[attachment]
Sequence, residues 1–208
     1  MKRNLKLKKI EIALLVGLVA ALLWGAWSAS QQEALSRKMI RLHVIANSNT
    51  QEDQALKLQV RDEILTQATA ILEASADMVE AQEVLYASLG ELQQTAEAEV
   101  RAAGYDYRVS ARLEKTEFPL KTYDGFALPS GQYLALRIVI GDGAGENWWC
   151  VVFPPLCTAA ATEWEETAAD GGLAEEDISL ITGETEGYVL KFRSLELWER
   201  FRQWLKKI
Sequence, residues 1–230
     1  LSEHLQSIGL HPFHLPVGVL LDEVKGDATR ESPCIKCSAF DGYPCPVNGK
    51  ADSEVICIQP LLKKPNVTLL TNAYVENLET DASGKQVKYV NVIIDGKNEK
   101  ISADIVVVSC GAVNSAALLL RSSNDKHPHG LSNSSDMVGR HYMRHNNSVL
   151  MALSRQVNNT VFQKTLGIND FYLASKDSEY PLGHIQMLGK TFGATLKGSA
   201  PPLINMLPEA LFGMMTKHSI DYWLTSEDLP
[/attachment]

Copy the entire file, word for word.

Sequence, residues 1–208
     1  MKRNLKLKKI EIALLVGLVA ALLWGAWSAS QQEALSRKMI RLHVIANSNT
    51  QEDQALKLQV RDEILTQATA ILEASADMVE AQEVLYASLG ELQQTAEAEV
   101  RAAGYDYRVS ARLEKTEFPL KTYDGFALPS GQYLALRIVI GDGAGENWWC
   151  VVFPPLCTAA ATEWEETAAD GGLAEEDISL ITGETEGYVL KFRSLELWER
   201  FRQWLKKI
Sequence, residues 1–230
     1  LSEHLQSIGL HPFHLPVGVL LDEVKGDATR ESPCIKCSAF DGYPCPVNGK
    51  ADSEVICIQP LLKKPNVTLL TNAYVENLET DASGKQVKYV NVIIDGKNEK
   101  ISADIVVVSC GAVNSAALLL RSSNDKHPHG LSNSSDMVGR HYMRHNNSVL
   151  MALSRQVNNT VFQKTLGIND FYLASKDSEY PLGHIQMLGK TFGATLKGSA
   201  PPLINMLPEA LFGMMTKHSI DYWLTSEDLP